Winter tea


This time of year, there’s nothing I enjoy more than a cup of tea. When the sky turns grey, and the moisture falls heavy in clouds of snow, I come in from walking my dog with a thin icicle dripping from my nose.  In a moment apart the steam from my mug then warms my nose and soon enough my gut. I am warm and refreshed.

It is the break that makes it special. The water has to be heated and the tea steeped for 5 minutes, and then it is time to relax. I have to make time for tea, I have to stop being in motion for a short while to enjoy it.

In this moment the revelation comes as the steam rises in thin curls that disappear into nowhere. Evaporation like this is what makes life on earth possible, although in nature it is driven by the warmth of the sun. But in my small mug I can imagine the mysterious forces that bring water away from the sea.

I am a bit of a tea snob. I only drink Twinings teas or those tins that come from an Asian market with the only writing in the Latin alphabet reading “Bonai” or “Oolong” or “Pu-Erh.” My favorite is Twinings Prince of Wales, which is actually a wonderful Keemun from Anhui Province in China. I always use what is called “loose tea,” or “tea” to me –  never “bag tea” or “bag” to me. The inconvenience is worth it for a better beverage and a more sustaining moment.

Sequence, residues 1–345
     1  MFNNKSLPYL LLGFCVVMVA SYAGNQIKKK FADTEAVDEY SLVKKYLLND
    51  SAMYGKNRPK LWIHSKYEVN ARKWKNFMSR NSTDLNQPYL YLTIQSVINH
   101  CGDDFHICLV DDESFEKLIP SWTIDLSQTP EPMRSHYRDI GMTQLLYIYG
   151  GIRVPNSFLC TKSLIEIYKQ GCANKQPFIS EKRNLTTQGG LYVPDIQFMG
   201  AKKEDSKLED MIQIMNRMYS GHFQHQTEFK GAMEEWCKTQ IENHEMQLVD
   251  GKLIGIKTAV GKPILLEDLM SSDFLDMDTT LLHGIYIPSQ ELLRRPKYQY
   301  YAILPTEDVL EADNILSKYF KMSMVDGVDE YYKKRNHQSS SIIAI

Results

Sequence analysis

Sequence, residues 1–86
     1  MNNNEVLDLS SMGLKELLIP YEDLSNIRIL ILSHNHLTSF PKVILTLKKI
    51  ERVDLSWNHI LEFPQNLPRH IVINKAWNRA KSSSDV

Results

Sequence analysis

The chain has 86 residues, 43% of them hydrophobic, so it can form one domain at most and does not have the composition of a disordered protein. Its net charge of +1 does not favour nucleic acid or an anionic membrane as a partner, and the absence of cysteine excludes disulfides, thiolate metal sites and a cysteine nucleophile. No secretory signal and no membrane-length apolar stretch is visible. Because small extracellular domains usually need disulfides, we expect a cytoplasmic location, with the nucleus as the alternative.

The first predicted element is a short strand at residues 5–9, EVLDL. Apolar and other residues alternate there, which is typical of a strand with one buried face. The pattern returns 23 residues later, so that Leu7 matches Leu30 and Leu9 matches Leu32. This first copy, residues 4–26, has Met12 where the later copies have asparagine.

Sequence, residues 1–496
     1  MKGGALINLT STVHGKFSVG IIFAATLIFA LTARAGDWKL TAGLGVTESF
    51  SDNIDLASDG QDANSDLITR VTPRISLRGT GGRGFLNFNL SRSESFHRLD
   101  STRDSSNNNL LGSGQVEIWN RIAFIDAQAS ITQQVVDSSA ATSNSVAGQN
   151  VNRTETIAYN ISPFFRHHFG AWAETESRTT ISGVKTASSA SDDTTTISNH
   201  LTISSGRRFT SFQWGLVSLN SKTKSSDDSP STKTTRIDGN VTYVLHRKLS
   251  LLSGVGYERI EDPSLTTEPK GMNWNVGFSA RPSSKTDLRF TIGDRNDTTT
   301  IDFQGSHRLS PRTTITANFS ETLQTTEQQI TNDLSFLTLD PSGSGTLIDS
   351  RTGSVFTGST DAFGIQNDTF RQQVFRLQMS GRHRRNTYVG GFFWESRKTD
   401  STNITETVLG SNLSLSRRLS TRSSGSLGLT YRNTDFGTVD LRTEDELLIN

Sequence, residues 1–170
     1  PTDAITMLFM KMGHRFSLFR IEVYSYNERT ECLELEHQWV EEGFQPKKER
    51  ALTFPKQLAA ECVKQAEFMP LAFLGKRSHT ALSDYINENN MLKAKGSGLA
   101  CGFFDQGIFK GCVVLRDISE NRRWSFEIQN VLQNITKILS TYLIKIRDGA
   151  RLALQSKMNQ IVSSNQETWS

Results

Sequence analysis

In my black tin of Prince of Wales there is a small amount of water that makes up the plant material I am brewing. This water fell as rain with every indication that it would wind up in the Yangtze River. When I swirl out the leaves in the bottom of my cup and dump it down the sink, it winds up in the Mississippi instead. An Orange Pekoe from Assam similarly is made of water destined for the holy Ganges, but it also winds up in the Mississippi. The movement of these small amounts of water is far from what they expected.

This great movement of tea around the world is not new. As early as the 17th century large shipments were made to Europe. Attempting to tax it caused a riot in Boston in 1773. It was so profitable that the greatest technology of the time, the Clipper Ship, was invented largely to move it faster in the mid 19th century.

Water is supposed to move by evaporation and condensation. Ours is supposed to come up from the Gulf of Mexico in a great cycle that makes the Mississippi nearly a closed system. It is not supposed to come in on Clipper Ships, airplanes, or any other conveyance devised by man. But it does. Not very much, but some tiny bit.

This won’t change the level of the Mississippi one bit when everything thaws out in spring, but it changes the feel of the winter around me. A cup of tea, and the small moment it takes, pushes the winter back in a thin curl of steam with the warm smell of its own story written in the cargo hold of a ship or a plane crossing the globe.

With a bit of steaming water and a moment apart it becomes the stuff that life is made of.